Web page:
How to Use Factoring for Cash Flow
- Factoring costs more than conventional lending.
- Factors assume the burden of billing and collecting.
- Factors can be a plus for companies doing business overseas.
Companies facing a cash-flow squeeze and slow-paying customers often sell their invoices or accounts receivable to specialized companies called factors. The factor advances most of the invoice amount usually 70% to 90% after checking out the credit-worthiness of the billed customer. When the bill is paid, the factor remits the balance, minus a transaction (or factoring) fee.
Companies that use factoring like it because they get money quickly rather than waiting the usual 30 or 60 days for payment. After sending an invoice to a factoring firm, a business can have money in its hands within 24 to 48 hours.
Some businesses use factoring to get started. Whereas banks focus on a business s creditworthiness in considering whether to make a loan, factors look at the financial soundness of a business s customers. As a result, firms with scant credit history may be able to sell their invoices.
But the service can be costly several percentage points more than a conventional lender. It was once a controversial source of financing because of its ties to financially fragile companies in the garment industry. A related commonly held impression is that a company uses a factor because it isn t credit-worthy enough to deal with a bank.
Now billions of dollars in accounts receivable flow through factors each year, many of whom specialize in particular industries such as trucking, construction or health care. Some companies use it to meet cash-flow needs as a stop-gap measure. Others prefer factoring to banks, which often require more paperwork, or other outside investors, who may want a piece of the business.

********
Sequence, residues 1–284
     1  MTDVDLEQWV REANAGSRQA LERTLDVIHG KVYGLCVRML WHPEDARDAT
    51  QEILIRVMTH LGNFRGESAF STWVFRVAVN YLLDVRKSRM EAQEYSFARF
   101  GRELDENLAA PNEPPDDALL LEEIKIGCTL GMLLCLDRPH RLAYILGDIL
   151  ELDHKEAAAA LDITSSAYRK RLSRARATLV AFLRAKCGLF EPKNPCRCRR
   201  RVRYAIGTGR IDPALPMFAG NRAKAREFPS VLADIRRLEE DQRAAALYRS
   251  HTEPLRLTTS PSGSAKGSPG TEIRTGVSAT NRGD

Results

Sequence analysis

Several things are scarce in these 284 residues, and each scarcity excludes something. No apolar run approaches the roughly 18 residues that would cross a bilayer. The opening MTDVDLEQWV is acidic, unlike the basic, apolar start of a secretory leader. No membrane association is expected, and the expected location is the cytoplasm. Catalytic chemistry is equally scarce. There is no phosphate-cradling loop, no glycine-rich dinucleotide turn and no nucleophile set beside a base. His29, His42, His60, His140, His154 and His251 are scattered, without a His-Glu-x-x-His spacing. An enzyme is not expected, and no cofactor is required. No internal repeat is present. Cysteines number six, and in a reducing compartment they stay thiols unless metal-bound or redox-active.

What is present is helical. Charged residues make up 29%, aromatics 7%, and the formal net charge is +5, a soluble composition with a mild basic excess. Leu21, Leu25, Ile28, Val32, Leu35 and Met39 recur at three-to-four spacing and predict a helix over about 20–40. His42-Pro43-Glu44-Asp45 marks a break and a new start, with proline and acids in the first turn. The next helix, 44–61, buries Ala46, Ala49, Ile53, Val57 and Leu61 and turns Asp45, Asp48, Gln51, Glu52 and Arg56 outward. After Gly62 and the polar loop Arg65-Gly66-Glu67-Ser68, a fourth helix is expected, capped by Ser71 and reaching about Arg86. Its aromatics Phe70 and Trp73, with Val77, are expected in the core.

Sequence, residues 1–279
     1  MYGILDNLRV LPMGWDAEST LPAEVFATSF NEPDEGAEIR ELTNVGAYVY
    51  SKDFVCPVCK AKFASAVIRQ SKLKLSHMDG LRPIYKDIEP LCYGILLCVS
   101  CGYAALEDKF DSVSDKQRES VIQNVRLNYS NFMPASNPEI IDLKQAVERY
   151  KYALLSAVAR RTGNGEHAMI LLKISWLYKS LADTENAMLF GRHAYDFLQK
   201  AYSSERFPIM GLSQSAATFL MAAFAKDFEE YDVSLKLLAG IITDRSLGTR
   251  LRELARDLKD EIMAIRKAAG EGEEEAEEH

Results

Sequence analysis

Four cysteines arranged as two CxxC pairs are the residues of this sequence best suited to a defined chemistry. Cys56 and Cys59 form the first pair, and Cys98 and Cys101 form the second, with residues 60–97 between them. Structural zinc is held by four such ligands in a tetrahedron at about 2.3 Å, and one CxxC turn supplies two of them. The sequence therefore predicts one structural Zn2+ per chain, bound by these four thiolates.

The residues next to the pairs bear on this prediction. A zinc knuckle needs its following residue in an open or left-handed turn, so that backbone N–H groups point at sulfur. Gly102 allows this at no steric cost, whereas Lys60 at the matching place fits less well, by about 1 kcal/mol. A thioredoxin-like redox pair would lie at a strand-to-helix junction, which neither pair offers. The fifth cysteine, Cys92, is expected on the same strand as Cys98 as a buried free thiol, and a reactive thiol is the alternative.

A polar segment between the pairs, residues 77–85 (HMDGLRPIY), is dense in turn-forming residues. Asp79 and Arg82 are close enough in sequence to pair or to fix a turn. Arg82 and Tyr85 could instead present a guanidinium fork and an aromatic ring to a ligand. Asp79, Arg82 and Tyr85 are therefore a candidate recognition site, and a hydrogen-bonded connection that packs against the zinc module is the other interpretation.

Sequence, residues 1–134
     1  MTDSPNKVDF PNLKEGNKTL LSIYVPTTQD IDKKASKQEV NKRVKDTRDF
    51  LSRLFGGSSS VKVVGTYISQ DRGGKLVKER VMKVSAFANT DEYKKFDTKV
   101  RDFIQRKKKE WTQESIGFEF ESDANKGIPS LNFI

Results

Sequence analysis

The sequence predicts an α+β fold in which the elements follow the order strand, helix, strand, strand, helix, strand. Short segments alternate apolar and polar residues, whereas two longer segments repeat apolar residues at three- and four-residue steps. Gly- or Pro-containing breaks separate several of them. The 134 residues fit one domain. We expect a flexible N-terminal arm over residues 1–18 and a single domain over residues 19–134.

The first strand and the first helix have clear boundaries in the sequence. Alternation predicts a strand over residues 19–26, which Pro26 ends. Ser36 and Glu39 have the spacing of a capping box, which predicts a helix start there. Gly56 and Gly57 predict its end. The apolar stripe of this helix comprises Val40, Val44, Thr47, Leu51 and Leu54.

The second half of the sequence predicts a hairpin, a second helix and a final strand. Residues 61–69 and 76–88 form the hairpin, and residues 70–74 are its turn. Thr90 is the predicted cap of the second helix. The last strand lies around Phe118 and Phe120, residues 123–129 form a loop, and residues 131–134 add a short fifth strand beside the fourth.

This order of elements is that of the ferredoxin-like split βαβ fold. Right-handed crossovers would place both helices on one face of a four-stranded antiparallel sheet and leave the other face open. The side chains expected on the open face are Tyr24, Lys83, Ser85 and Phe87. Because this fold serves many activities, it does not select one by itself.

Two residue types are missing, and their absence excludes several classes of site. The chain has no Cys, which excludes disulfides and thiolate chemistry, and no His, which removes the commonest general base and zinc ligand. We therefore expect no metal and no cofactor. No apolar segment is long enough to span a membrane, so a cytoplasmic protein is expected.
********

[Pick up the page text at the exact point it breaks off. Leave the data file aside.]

Factoring isn t likely to be economical for a firm that sends out thousands of small-denomination invoices, because of the service fees a factor may assess for reviewing each one for risk.
Since the factoring firm handles collections, the factor customer doesn t have to worry about billing and credit checking and about staffing those functions. Another advantage: Companies wanting to expand overseas may find factors often already have extensive experience dealing with overseas suppliers or purchasers and so using factors can make international business efforts a lot easier.
Related WSJ Articles and Blog Posts:
- Factor Search — A customer-matchmaker service for the International Factoring Association, a membership group for bank and financing companies in the factoring business.
- Lender search — A directory of Commercial Finance Association members — factoring and other finance companies — searchable by loan amount and industry.
- 12-Month Cash Flow Statement Sample — An example spreadsheet of a cash-flow statement from Score, a nonprofit for entrepreneurship education.
- FactorScan’s Glossary — Definitions for dozens of factoring-related terms, from publisher BCR Publishing Ltd.
- Small Business Planner — Information and resources for business planning, ranging from start-up financing to exiting a business, from the U.S. Small Business Administration, a federal agency.